Do I stir the fruit mixture while bringing it to the first boil?

    • Shelby Collings
      | Reply

      Hello Patty,

      Yes, you can stir it gently, over stirring can cause foaming.

      Happy jamming!

  6. Kristen
    | Reply

    I’d like to see the ingredients by weight if possible.

    • Shelby Collings
      | Reply

      Hi Kristen,

      Thanks so much for choosing Pomona’s Pectin! We are working on getting that feature on our website, so sorry it is not available yet.

  7. HL Parsons
    | Reply

    Is it possible to modify this recipe for freezer jam (no-cook)?

    • Shelby Collings
      | Reply

      Absolutely! You can find those directions, HERE.

      Happy jamming!

      • Sheri
        | Reply

        Can leftover jam be eaten?

        • Shelby Collings
          | Reply

          Absolutely! It can be placed in a container and store in the fridge for up to 3 weeks. Enjoy 😊

  8. Lee K. Portland OR
    | Reply

    Made this jam yesterday with our local Hood strawberries. Delicious! But oh my the foaming was pretty bad. It also looked like it is separated in the jars. I wonder if using a stick blender after taking it off the heat would help, or just aerate it too much…

    • Shelby Collings
      | Reply

      Wonderful!

      Strawberries are the worst culprits for foaming! No fun. You can try mashing them up more fine, and making sure they do not boil too high, for very long. Just enough to get the honey/pectin to dissolve.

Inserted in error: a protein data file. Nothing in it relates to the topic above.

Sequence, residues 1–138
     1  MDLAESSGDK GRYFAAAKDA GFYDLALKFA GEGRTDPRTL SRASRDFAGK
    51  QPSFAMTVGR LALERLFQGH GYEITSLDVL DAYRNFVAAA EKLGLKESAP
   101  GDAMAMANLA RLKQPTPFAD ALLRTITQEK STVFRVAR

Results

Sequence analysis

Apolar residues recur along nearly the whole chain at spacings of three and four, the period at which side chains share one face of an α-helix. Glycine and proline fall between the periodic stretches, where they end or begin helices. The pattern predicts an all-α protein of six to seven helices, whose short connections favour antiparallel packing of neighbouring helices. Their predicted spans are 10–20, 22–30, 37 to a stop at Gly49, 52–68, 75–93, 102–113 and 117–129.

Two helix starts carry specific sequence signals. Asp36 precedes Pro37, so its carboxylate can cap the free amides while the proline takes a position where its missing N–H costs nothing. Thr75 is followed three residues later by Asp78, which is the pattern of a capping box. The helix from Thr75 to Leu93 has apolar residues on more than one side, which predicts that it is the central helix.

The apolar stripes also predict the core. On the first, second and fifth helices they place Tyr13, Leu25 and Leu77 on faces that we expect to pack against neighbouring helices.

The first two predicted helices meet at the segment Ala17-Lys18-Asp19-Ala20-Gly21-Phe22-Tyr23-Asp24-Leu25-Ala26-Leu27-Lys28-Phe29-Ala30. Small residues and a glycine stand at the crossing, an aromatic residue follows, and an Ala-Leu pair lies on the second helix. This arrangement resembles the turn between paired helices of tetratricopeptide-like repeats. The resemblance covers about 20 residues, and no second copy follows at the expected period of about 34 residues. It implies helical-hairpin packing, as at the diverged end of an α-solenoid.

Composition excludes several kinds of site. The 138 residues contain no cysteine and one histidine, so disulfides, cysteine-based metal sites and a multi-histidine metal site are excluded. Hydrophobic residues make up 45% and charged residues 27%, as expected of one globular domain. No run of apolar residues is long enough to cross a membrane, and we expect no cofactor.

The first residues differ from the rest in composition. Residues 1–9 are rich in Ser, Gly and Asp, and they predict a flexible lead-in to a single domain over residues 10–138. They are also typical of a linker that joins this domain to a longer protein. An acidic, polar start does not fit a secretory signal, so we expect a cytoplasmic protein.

What you have is called “fruit float.” When the jars of jam are very hot and there is no jell yet, the pulp, which is lighter than the juice, is able to float to the top of the jar. Strawberries are prone to fruit float although it doesn’t always happen. Other fruits can have fruit float also. You are not doing anything wrong. However, if you want to discourage fruit float from happening, you can mash your fruit a little more and you can cook your fruit for a little while before you bring it up to the full boil. You could even add a little of your sweetener to cook with the fruit, still leaving enough sweetener to adequately disburse the pectin powder without going over the sweetener limit.